The Palestinians will not hold any form of negotiations, in any format, with Israel without a complete halt to settlement activity, a senior official said on Thursday.
"There will not be any negotiations with Israel, in any form -- direct, indirect or parallel -- without an end to settlement," said Azzam al-Ahmad, a senior member of the central committee of Fatah, the secular party of Palestinian president Mahmud Abbas.
He remarks, in a phone call interview with AFP, were made a day after diplomats from the Arab League ruled out a resumption of negotiations without a "serious offer" which would ensure their success.
Ahmad called on Washington to officially declare its definition of the Palestinian territories to include all the lands occupied by Israel during the 1967 Middle East war, including the West Bank, Gaza Strip and east Jerusalem.
And he urged the Obama administration to state its official position on security and borders.
"We are starting to find that the American position on these issues is confused," he said.
Earlier this week, Washington's Middle East envoy George Mitchell held talks with Israeli Prime Minister Benjamin Netanyahu and Palestinian president Mahmud Abbas to try to find a way to keep the sides engaged in the search for peace.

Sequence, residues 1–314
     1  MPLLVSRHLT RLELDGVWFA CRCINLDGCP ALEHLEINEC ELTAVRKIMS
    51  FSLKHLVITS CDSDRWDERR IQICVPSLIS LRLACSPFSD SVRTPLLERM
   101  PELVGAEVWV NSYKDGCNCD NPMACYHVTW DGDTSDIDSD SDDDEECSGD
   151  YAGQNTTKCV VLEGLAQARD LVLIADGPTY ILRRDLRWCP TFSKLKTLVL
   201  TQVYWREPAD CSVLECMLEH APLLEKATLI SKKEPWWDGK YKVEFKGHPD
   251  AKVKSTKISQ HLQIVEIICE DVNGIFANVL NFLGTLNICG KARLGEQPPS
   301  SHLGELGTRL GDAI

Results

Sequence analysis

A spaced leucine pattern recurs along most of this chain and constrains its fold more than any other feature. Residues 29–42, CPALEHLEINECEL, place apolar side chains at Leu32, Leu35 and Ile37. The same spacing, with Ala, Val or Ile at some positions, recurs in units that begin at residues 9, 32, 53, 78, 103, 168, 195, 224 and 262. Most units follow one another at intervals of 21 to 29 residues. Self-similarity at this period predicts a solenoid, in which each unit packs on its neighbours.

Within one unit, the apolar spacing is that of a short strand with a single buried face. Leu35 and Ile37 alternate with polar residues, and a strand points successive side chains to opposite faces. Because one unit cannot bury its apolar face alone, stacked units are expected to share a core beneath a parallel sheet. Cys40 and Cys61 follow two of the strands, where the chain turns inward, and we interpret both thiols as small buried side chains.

During the visit, Mitchell proposed six weeks of "parallel" talks, where negotiators would hold separate talks with the Americans in a format which would not be classed as "negotiations", a Palestinian official told AFP on Wednesday.
Asked whether Israel would consider engaging in talks in such a parallel format, an Israeli official told AFP they were "open" to the idea.
"We obviously prefer direct talks with the Palestinians, but because they are steadfast in their refusal to engage directly over the issues ... that is something to which we are open," he said.
Direct peace talks collapsed last week after Washington admitted it had failed to secure Israel's agreement to a new freeze on settlement building -- the Palestinian condition for continuing to negotiate.
US efforts are now trying to find new ways of having both sides engage.